I wanted something rustic, earthy, and warming to go with this wine, so with Allen and the Grape Radio boys playing away through my favorite Christmas present--the IHome under cabinet iPod player--I started cooking some roasted pork with blue cheese polenta. You were supposed to roast the pork in the oven with fresh figs, but they aren't in season right now so I threw a couple of handfuls of whole button mushrooms in around the pork and they were a good substitute. (I also substituted a pork loin for the pork tenderloin in the recipe simply because I prefer that cut--you can, too, but it will take a bit longer to cook so use a meat thermometer to make sure it's done before you pull it out of the oven.) The blue cheese tang of the pinot was a perfect counterpoint to the cherry flavors and aromas in the wine, and I think roasted pork is always great with pinots.
After this, I'm feeling much less generalized Burgundy anxiety. And I'm really looking forward to continuing to explore the wines of Burgundy.
Wednesday, February 14, 2007
Then you read the labels. Confusion sets in and your resolve to try Bordeaux begins to crumble.It's like having a bad flashback to 9th grade geography. Where exactly is Pessac-Leognan, you wonder? How does this wine from Pessac-Leognan differ from the wine advertised beneath it, that is from Haut-Medoc?
Every Bordeaux lover discovers that they need to brush up their French geography if they are going to buy wines that they like at a good price, and they have to come to grips with French appellations, too. And we're not even talking about classifications yet (tune in next week). Adding to the confusion, the Bordeaux region is dominated by the Gironde river, which runs through the area. So we have appellations, classifications, and even "Left Bank" (Medoc, Haut-Medoc, and Graves) and "Right Bank" designations (Pomerol and St. Emilion)
It's really nothing that can't be sorted out with a map and a chart (map right, chart below). The French appellation system (AOC) is strictly controlled and covers not only the geographical origins for grapes used in a wine, it also covers what grape varietals can be grown, how they can be grown, how wine is to be produced, and alcohol levels. There are over 40 AOCs in the Bordeaux region (map from Terroir-France, click to enlarge), each specializing in a handful of wines made in a handful of ways. Of course, the genius of the place and the talents of the winemaker make these wines taste different, despite all the precision and regulation.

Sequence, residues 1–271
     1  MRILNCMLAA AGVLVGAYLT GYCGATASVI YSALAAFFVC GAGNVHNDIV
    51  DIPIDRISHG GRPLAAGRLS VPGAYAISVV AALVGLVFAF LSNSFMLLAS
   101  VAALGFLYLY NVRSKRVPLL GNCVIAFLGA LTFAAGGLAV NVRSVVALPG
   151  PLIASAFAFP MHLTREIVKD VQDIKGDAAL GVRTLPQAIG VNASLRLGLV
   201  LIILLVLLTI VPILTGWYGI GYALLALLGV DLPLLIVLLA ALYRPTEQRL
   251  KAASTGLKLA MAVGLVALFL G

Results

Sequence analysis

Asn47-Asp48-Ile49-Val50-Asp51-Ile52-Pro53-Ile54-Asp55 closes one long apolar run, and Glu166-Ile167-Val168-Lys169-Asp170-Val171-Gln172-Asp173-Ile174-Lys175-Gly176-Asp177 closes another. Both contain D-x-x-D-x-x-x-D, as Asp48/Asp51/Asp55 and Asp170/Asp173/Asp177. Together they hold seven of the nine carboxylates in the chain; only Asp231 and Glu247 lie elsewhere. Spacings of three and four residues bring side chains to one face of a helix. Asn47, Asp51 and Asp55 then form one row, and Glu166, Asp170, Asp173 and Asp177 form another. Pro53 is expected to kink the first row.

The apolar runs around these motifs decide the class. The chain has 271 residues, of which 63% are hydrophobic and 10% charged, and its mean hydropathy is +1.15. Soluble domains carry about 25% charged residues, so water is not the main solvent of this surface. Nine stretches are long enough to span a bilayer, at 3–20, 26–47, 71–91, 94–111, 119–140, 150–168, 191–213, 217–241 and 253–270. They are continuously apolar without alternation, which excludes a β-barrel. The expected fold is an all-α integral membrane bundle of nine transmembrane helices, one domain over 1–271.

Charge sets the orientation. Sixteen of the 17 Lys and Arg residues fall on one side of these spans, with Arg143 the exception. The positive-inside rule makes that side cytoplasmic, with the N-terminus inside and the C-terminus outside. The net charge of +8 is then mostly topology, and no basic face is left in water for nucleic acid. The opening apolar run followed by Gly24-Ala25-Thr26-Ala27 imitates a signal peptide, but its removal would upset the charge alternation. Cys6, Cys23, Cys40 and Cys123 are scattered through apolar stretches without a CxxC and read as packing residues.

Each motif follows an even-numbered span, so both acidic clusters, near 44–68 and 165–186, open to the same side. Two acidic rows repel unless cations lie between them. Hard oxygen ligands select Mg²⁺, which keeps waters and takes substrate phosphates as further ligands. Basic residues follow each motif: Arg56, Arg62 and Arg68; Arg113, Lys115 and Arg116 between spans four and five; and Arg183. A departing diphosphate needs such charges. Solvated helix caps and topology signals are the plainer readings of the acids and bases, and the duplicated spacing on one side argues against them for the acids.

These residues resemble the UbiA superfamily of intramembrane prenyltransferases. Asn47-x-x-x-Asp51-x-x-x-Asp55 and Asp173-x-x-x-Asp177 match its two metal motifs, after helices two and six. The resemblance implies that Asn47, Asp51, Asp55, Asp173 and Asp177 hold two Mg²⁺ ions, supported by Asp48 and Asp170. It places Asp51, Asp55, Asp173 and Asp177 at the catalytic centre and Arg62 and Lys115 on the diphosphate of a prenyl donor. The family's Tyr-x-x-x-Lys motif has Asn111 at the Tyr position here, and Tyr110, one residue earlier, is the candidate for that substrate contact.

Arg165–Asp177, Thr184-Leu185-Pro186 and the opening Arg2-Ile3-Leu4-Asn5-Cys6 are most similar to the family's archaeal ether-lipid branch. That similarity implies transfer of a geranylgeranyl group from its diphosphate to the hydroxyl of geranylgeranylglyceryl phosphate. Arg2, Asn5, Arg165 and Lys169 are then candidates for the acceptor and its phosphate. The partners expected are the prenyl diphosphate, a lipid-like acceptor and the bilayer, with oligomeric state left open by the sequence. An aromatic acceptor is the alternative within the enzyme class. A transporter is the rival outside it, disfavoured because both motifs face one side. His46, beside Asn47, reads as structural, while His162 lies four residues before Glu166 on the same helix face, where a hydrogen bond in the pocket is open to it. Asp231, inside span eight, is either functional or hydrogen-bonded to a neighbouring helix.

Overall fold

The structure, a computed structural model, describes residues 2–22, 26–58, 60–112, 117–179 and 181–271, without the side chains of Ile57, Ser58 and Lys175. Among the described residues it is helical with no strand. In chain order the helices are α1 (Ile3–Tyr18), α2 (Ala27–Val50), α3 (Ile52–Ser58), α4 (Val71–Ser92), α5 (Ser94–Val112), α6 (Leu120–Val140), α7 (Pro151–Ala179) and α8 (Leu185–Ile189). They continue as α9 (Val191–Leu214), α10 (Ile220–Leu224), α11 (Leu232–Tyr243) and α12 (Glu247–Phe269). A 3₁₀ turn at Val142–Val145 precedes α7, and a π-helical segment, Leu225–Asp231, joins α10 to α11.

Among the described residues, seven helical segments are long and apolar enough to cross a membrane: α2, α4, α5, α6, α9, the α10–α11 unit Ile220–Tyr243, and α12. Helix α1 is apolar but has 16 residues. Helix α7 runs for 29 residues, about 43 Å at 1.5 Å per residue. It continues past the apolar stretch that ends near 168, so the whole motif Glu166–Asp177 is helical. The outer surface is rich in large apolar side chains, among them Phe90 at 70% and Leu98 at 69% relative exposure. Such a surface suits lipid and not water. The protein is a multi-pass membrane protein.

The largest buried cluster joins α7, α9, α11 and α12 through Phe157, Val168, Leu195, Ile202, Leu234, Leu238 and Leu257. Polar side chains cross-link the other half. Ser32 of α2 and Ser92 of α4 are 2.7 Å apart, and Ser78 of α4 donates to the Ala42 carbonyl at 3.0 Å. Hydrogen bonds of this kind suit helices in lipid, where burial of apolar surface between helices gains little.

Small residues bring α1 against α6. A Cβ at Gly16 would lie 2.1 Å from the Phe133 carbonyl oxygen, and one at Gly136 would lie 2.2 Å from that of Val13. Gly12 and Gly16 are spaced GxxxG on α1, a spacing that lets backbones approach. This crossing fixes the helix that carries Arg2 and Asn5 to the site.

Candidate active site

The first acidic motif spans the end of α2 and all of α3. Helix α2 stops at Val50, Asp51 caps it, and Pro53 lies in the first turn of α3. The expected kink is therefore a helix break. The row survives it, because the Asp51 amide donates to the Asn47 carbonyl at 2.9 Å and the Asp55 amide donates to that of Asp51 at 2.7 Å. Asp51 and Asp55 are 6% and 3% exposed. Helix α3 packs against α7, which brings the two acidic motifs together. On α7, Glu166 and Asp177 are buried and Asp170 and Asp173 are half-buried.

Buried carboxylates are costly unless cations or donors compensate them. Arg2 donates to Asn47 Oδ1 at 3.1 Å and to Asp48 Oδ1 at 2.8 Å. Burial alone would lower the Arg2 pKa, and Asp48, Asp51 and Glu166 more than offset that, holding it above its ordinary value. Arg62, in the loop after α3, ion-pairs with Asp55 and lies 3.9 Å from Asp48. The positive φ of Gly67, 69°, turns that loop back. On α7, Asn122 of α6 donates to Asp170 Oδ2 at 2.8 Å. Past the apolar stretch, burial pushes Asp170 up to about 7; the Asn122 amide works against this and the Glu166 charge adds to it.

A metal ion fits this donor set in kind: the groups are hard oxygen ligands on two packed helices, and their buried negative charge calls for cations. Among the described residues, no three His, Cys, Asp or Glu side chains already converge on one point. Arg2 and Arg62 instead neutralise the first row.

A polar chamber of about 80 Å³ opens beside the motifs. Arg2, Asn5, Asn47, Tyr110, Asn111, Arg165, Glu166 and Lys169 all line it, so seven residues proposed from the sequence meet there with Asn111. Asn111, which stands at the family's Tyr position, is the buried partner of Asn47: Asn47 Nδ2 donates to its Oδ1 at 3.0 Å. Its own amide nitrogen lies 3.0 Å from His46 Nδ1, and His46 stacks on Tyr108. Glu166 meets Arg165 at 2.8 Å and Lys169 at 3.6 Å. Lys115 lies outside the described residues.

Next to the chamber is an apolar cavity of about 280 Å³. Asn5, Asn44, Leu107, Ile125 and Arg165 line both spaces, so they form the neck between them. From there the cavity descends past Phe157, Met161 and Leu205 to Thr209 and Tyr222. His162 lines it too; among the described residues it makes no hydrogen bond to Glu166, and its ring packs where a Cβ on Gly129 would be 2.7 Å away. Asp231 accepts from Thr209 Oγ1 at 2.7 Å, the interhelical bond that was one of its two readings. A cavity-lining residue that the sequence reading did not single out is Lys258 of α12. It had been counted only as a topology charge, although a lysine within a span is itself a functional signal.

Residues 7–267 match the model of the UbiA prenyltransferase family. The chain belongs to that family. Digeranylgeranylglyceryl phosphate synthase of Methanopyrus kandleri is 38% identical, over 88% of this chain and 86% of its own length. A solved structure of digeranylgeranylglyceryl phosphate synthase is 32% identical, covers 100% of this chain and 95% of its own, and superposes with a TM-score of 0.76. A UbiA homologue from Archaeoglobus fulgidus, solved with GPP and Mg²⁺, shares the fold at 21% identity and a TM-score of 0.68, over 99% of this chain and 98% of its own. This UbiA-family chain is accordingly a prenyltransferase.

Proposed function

Most of the AOCs that produce red Bordeaux, and the most popular white Bordeaux like Sauternes, have varietal guidelines that can help you to make the best wine choices for your palate. Like the pencil lead and cassis of Old World cabernet? Head for wines from the Medoc, from St. Julien, or any of the other AOC that produce red wines made predominantly with that varietal. Prefer the softer, fleshier merlot blends? The Right Bank AOCs of Pomerol and St Emilion are for you. And if you like a balance between cabernet and merlot, the Pessac-Leognan, Entre-Deux-Mers, and Graves AOCs all produce wines that should suit your harmonious palate.
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Semillon and Sauvignon Blanc
Next week: professional tasting notes, how to read them, and how to use the classification system to help you sort through them in search of bargains.
Tuesday, February 13, 2007
Thanks to Sonadora at Wannabe Wino for giving me the head's up that this had been posted!
Monday, February 12, 2007
Despite this (face it, it would have been enough to send most of us straight into the wine cellar for vino!), he managed to pull together a wrap-up for last week's Wine Blogging Wednesday on New World Syrah that boasted the largest turnout in WBW history.
Head on over to Winecast for links to all 50 (not a typo) reviews of 70 (not a typo) wines ranging from $10 to $80, including:
From the following regions:
1 New Zealand
3 South Africa
5 Washington State
Fulfill your need for the pink stuff by trying this N.V. Blason de Bourgogne Crémant de Bourgogne Cuvée Rosé Brut ($7.99, Trader Joe's). A companion bottling to the regular brut sparkler from this winery I reviewed for WBW #28, the rose brut is salmon pink tending towards rose in color. There is not much of an aroma, but what you can smell is slightly biscuity like toasted bread. Once poured, there is lots of froth/mousse, and the bubbles/bead is a little rough and rasping on the tongue. Flavors of raspberry, toast, and yeast come through as you sip this wine. Brut rose wines are not as common as blanc de noirs and other pink or pinkish sparklers that are softer in style. This is not the smoothest brut rose you'll ever have, but it is still very good QPR. And, if you like your wine brut and pink, this is the way to go.